Putting Out Fires

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This Nicholas Brandt-Sorensen thing from the past couple days has got me thinking about ways to handle “delicate” situations.  I don’t think that they did a very good job of trying to control the outcry of Nick’s behavior and punishment.

When you’re trying to decrease publicity, it isn’t the best thing to be doing to create more publicity.  And that is exactly what their “tactics” did.

Normally, the weekend traffic on my website is about 2/3’rds of what a normal weekday is.  This past weekend, the traffic was more than double that of a good weekend day.  So about 6X as many people saw the posts about Nicolas than would have if they wouldn’t have sent a cease and desist demand email.

And, of course, Seth at Cycling in the South Bay, was going to get a little more worked up when he got his demand notice.  His post from today is here.  So everyone that races bikes in the LA area is obviously knowledgeable about Brandt-Sorensen and his problems.   This didn’t work out that well for them.

From watching the history of this doping thing and the accusations and admissions, I think the best way to handle it is to admit, then disappear.  Americans are very forgiving to their fallen heroes, not that Nick is a fallen heroes.

I still can’t get over how he is professing to be the  “Top most randomly no-notice bio sampled cyclist in USA”.  I still don’t even understand what that means.  

Is he the best no-notice bio sampled cyclist?  Or he gets tested the most?  I’m not even sure what bio sampled means.  And the weird part is that the only reason he can write this down is because he was positive for a doping violation, so he was on someone’s radar screen.  That is a weird sort of bragging.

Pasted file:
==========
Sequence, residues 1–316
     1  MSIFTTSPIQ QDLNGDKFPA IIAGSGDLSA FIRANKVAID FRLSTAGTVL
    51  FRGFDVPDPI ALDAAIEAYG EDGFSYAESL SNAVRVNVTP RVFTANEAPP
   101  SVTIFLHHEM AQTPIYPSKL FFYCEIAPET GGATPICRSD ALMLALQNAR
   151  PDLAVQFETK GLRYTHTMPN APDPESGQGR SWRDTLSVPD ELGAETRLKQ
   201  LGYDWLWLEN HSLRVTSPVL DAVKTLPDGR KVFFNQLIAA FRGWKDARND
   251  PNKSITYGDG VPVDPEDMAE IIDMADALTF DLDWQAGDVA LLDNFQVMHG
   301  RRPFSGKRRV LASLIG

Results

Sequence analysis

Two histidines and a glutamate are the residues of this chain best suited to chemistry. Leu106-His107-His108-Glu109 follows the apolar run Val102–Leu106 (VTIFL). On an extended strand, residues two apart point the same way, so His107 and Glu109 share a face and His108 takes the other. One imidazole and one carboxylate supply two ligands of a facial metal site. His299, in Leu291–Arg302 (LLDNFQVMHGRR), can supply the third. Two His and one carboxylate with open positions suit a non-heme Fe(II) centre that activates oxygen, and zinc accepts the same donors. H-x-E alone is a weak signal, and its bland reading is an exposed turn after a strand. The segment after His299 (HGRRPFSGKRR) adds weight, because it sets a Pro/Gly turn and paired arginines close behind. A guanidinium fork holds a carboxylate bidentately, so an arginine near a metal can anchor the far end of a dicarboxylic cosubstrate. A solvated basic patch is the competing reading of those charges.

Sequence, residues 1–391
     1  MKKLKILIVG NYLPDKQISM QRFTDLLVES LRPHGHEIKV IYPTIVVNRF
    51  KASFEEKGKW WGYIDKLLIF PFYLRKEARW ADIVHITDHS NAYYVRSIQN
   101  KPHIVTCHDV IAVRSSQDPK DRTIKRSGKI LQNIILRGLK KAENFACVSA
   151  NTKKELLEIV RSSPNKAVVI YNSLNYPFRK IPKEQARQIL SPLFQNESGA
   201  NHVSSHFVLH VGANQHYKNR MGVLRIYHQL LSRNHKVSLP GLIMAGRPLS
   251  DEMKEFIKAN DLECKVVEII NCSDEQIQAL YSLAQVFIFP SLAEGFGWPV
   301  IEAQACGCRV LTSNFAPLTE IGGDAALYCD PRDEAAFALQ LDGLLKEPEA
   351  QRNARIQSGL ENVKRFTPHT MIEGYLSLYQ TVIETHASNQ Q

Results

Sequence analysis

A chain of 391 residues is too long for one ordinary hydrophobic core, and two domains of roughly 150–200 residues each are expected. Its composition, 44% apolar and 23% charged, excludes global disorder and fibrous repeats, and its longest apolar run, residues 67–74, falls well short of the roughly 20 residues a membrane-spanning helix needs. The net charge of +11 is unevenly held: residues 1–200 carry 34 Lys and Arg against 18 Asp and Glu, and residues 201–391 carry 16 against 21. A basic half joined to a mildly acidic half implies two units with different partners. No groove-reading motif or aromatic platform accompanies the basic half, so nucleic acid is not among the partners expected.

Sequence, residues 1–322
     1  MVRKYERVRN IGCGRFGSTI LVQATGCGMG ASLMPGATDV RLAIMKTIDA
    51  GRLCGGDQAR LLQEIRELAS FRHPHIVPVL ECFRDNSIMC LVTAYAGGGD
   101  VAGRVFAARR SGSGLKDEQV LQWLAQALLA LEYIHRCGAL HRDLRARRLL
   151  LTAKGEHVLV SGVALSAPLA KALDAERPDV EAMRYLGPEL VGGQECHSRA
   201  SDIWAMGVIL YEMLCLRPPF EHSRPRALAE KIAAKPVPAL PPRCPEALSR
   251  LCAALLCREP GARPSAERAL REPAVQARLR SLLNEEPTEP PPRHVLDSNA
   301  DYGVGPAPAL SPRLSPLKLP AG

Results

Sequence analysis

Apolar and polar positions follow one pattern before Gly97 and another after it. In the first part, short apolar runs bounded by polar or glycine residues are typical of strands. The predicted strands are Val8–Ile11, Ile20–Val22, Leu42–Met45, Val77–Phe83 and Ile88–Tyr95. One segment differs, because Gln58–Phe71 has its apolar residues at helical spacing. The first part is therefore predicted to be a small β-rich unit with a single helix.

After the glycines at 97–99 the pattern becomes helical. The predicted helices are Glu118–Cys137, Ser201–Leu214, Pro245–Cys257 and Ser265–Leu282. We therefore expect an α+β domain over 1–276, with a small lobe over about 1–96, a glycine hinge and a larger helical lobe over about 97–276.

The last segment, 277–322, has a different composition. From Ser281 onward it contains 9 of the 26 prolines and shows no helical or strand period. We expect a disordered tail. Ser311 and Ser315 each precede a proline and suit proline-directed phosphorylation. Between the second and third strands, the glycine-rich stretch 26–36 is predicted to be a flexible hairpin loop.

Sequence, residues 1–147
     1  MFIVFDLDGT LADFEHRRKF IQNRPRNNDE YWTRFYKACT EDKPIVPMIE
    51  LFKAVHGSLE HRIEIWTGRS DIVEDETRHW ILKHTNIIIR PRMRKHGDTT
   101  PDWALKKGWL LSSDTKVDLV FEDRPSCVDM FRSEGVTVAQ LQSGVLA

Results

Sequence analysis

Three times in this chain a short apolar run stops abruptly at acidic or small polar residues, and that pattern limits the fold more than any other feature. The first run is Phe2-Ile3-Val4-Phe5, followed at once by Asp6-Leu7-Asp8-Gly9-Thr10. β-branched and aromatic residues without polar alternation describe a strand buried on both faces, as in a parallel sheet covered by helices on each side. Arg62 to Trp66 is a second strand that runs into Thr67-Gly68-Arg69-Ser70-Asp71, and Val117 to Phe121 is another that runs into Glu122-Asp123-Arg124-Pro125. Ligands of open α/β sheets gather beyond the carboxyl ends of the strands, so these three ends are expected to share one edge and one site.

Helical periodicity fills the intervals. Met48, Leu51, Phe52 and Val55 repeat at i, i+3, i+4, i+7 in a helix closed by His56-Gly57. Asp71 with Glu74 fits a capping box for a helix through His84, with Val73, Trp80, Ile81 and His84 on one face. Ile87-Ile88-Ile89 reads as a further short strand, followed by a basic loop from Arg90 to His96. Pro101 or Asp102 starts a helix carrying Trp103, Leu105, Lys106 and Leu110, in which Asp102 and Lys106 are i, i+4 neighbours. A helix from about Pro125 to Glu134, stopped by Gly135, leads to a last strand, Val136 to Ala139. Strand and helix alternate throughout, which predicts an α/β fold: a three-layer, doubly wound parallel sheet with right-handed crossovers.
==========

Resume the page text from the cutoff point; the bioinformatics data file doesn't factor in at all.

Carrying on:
Social media, in general, is a great source of information.  I use it all the time for tons of stuff. Results from races, how to fix things, etc.  But trying to defend yourself seems to be a losing proposition.

There was a link on my website a couple days ago to a Cyclingnews forum and there was a thread about me.  I don’t usually go to these things, but didn’t know what I was clicking on.  The just is below –

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This thread talks about the first post I did about Nick and then goes off about me doping and that I cut the course in races to cheat.  Then it implies that I got “medicines” from Greg Lemond’s father-in-law.  Somewhere earlier it says that Greg was the first rider that brought EPO to the cycling community in Europe.

How ridiculous is all this stuff?  It is so weird because it is sort of close to being correct, but just off a notch enough to make it absolutely wrong.  I guess that is the way rumors start.

I didn’t even consider going into the forum and trying to defend myself, or Greg.  It is a losing proposition.  When I initially responded to the cease and desist email, I had a line about it would just be better if “they” just dropped the whole thing and let it die quietly.  But then thought it wasn’t my business telling someone how to deal with their situation.

Okay, enough of all this.  I’m going to go out for a nice long ride and think about more productive things.  It is spring now, so everything is going to be a little brighter and fresher soon.

Tucker is getting big.

Tucker is getting big.



16 thoughts on “Putting Out Fires